Tax Alleged Illegally Collected Payment Under Protest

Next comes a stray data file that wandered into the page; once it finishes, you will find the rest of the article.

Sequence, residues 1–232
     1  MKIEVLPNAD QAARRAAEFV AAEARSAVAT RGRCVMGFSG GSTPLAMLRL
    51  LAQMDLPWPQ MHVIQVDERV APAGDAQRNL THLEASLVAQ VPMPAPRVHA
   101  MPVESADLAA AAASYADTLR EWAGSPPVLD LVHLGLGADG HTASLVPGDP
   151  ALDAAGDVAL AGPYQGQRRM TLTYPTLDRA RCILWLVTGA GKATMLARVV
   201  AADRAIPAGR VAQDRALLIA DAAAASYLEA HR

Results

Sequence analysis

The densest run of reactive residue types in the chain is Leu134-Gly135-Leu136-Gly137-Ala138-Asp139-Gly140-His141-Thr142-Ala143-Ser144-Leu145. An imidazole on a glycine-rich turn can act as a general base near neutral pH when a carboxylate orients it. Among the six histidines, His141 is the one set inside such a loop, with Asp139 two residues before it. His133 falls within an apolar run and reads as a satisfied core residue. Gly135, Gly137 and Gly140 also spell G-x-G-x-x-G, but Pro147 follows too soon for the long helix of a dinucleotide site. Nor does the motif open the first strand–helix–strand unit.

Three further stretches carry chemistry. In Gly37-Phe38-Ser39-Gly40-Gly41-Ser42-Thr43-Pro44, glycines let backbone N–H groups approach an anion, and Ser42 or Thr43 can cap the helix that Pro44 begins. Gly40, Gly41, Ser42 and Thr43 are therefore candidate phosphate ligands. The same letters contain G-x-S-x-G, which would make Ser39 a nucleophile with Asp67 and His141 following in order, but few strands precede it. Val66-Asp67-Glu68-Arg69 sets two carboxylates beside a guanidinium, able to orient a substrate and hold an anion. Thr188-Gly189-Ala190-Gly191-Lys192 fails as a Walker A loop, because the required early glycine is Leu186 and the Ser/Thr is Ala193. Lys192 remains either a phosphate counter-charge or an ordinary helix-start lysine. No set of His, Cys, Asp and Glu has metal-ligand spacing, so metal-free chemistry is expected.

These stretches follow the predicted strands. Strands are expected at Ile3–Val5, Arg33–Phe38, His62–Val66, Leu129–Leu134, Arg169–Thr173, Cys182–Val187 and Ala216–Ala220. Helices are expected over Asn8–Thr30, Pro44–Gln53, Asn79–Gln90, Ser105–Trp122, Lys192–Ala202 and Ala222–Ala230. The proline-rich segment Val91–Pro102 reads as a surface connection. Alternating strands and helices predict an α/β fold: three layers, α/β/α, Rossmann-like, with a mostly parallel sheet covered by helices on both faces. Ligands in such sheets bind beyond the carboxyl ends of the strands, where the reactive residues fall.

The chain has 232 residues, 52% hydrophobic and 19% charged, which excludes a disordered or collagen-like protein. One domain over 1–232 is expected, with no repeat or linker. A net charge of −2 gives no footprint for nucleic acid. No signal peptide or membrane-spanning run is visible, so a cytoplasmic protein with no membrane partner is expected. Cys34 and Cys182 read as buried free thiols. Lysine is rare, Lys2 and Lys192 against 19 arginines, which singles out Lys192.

A wholly separate method of contesting tax liability is the payment of the taxes due under protest and a suit for refund of those taxes contended by the taxpayer to be "illegally collected." A.R.S. 42-204(C). The utilization of this method has two prerequisites: (1) the taxes must be due . . .; (2) the taxpayer must pay these taxes "under protest." Maricopa County v. Arizona Citrus Land Co., 55 Ariz. 234, 100 P.2d 587 (1940). Accord 113 Ariz. at 473, 556 P.2d at 1135 (quoting Maricopa County v. Chatwin, 17 Ariz. App. 576, 582, 499 P.2d 190, 196 (1972)). The rationale for the extra-statutory requirement of payment under protest is traceable to the Territorial Supreme Court's decision in Gibson Abstract Co. v. Cochise County, 12 Ariz. 158, 100 P. 453 (1909). There the taxpayer paid 1907 personal property taxes at $ 2.65 per $ 100, the rate that had been set for tax year 1906. See id. at 159, 100 P. at 453. The Board of Supervisors thereafter set the 1907 rate at $ 2 per $ 100. See id. The taxpayer brought an action for a refund. Because the taxpayer had paid the taxes voluntarily and without protest, the district court sustained Cochise County's general demurrer to its complaint. See id. Affirming, the Territorial Supreme Court stated: If . . . the appellant and its assignors had given bond, they could have had the benefit of the rate for the current year, instead of paying on the rate of the previous year. The cost and additional emoluments going to the assessor are given as a reason why they did not do so; but, if that law is valid, it is a hardship imposed upon them by that law, and, our duties not being those of legislation, they cannot be relieved in this court from the compliance with a valid law, however drastic. If the enforcement of that law would be in violation of their rights as accorded them by the constitution, and it was therefore null and void, they cannot expect relief from a payment made by them without protest, even if induced by a threat to inflict upon them the penalties of a void law, because the party threatening would, by reason of the invalidity of the law, be powerless to execute such threat. 12 Ariz. at 161, 100 P. at 454. The Supreme Court of the new State of Arizona first adopted the payment-under-protest rule in 1919. See Arizona Eastern Railroad Co. v. Graham County, 20 Ariz. 257, 179 P. 959 (1919). The court held that a person who had paid an illegal tax under protest need not also present a verified demand for refund to the Board of Supervisors within six months as a condition precedent to bringing suit. See id. at 258, 179 P. at 959. In the course of its discussion, the court stated concerning the predecessor of A.R.S. sections 42-11004 and 42-11005 : This statute does not expressly require the taxpayer to protest at the time of his payment as a condition precedent to the maintenance of his action under said paragraph 4939, but, in order to remove such payments of taxes from the category of voluntary payments to the county, the taxpayer must, in some manner, unequivocally make known his purpose of paying the excess is to permit him to contest the legality of the excess in court. Otherwise his payment would be deemed voluntary, and no recovery could be had against the county. Gibson Abstract Co. v. Cochise County, 12 Ariz. 158, 100 P. 453. Id. at 259, 170 P. at 960; accord Maricopa County v. Arizona Citrus Land Co., 55 Ariz. 234, 236, 100 P.2d 587, 588 (1940); Pima County v. Weddle, 54 Ariz. 525, 529, 97 P.2d 531, 538 (1939). Although more recent decisions of the supreme court and this court since Arizona Citrus Land have alluded to the payment- under-protest requirement for A.R.S. section 42-11004 actions, none has actually applied any such requirement to turn away any taxpayer's refund action under that statute. See State Comp. Fund v. Symington, 174 Ariz. 188, 192, 848 P.2d 273, 277 (1993); Salt River Project, 113 Ariz. at 473-74, 556 P.2d at 1135-36; State Tax Comm'n v. Superior Ct. (Maricopa County), 104 Ariz. 166, 168, 450 P.2d 103, 105 (1969); Tucson Elec. Power Co. v. Apache County, 185 Ariz. 5, 19, 912 P.2d 9, 23 (App. 1995). Moreover, a frequently cited decision of our supreme court implicitly dispels any notion that the common law payment-under-protest requirement may constitute a prerequisite to the superior court's "jurisdiction" in tax refund actions, and indeed casts significant doubt on the continued viability of the payment-under-protest rule for any purpose. See Pittsburgh & Midway Coal Mining Co. v. Arizona Department of Revenue, 161 Ariz. 135, 776 P.2d 1061 (1989). Pittsburgh concerned state use taxes and transaction privilege taxes, both of which formerly included express provisions conditioning refund actions on payment of taxes "under protest." See former A.R.S. 42-1339(B) and 42-1421(B) (1980). In Pittsburgh, the taxpayers paid use taxes and transaction privilege taxes to ADOR without protest, believing at the time that no grounds for dispute existed.161 Ariz. at 136, 776 P.2d at 1062. for each taxpayer, circumstances later arose that called this belief into serious question. See id. All taxpayers claimed refunds from ADOR. See id. Relying in part on former A.R.S. sections 42-1339(B) and 42-1421(B) and in part on the "general rule" that taxes voluntarily paid without protest cannot be recovered, ADOR denied their claims. See id. The taxpayers achieved varying degrees of success in their separate superior court refund actions. See id. In the supreme court, however, all prevailed. See id. at 140, 776 P.2d at 1066. The court interpreted the applicable statutes as functioning only within the administrative and judicial process for resolving actual disputes over tax liabilities. See id. at 138, 776 P.2d at 1064. the court held that outside that context, the statutory payment-under-protest requirements did not function as a condition precedent to the state's duty to refund taxes to which it was not entitled. See id. Of the common law payment-under-protest requirement the Pittsburgh court stated: Arizona concedes that there are exceptions to the general rule. for example, even though not paid "under protest," Arizona must refund taxes paid on obligations which are extinguished by prior payment. Maricopa County v. Leppla, 89 Ariz. 220, 223, 360 P.2d 227 (1961). And, relying on Smotkin v. Peterson, 73 Ariz. 1, 5, 236 P.2d 743 (1951), and Bodco Building Corp v. Arizona State Tax Commission, 5 Ariz. App. 589, 591, 429 P.2d 476 (1967), Arizona concedes that it must refund taxes paid even when not marked "under protest" if at the time of the payment it had no "semblance of authority" to assess the tax. We are of the view that these cases are to be decided by a comprehensive analysis of the relevant statutes rather than reliance on common law rules and exceptions which evolved in other contexts. We acknowledge that Swift & Company v. State Tax Commission, 105 Ariz. 226, 233, 462 P.2d 775 (1969), is to the contrary. In reaching our conclusion in Swift, we relied on City of Phoenix v. Phoenix Newspapers, Inc., 100 Ariz. 189, 412 P.2d 693 (1966). But City of Phoenix did not purport to examine the statutory schemes under which the use tax and the transaction privilege tax are imposed. Instead, the decision was based upon the rule at common law that a voluntary payment of taxes without protest and not under duress cannot be recovered by a taxpayer. In Swift, we also sought to distinguish Maricopa County v. Leppla, 89 Ariz. 220, 360 P.2d 227 (1961). In Leppla we allowed the recovery of taxes voluntarily paid and not "under protest" notwithstanding our acknowledgement of the common law rule at issue. To reach our result, we characterized Leppla as a case in which a tax obligation did not exist after the original payment by the taxpayer. We do not think Leppla can be so easily distinguished. No tax obligation existed in City of Phoenix, and no tax obligation existed in Swift & Company. We think that neither City of Phoenix nor Swift & Company can survive a careful analysis of the relevant transaction privilege tax and use tax statutes. Thus, to the extent that Swift & Company and City of Phoenix suggest a contrary result, they are no longer to be followed. An honorable government would not keep taxes to which it is not entitled, and the legislative scheme supports that result.161 Ariz. at 137, 139, 776 P.2d at 1063, 1065. We derive several principles from Pittsburgh. First, whatever the legal status of the common law payment-under-protest "requirement" for tax refund actions may otherwise be, it is plainly not "jurisdictional." As the Pittsburgh court noted, the "general rule" is subject to two exceptions. 161 Ariz. at 137, 776 P.2d at 1063. One of these exceptions, that the requirement does not operate when the tax obligation on which the taxpayer seeks a refund had already been paid, is based on facts that may be disputed and subject to resolution by trial. See id. The supreme court's recognition of this exception necessarily entails recognition that the superior court has jurisdiction to determine the facts on which the exception depends. The court has thus treated the "requirement" of payment under protest as one that may affect the availability of relief in a refund action, but not the superior court's jurisdiction to entertain it. Cf. Hill v. City of Phoenix, 193 Ariz. 570, 572, P8, 975 P.2d 700, 702 (1999) (cautioning against construing the concept of "jurisdiction" too narrowly). Second, the supreme court's focus in Pittsburgh was solidly on the structure and intent of the governing statutes, not on the common law. 161 Ariz. at 138, 776 P.2d at 1064. Indeed, Pittsburgh criticized Swift & Co.v. State Tax Commission, 105 Ariz. 226, 462 P.2d 775 (1969), in large part because it had relied on City of Phoenix v. Phoenix Newspapers, Inc., 100 Ariz. 189, 412 P.2d 693 (1966), which the Pittsburgh court said had based its rationale not on the statutes, but on "the rule at common law that a voluntary payment of taxes without protest and not under duress cannot be recovered by a taxpayer." 161 Ariz. at 139, 776 P.2d at 1065. Neither Swift & Co. nor City of Phoenix v. Phoenix Newspapers survived Pittsburgh and the "rule at common law" also ended. See id.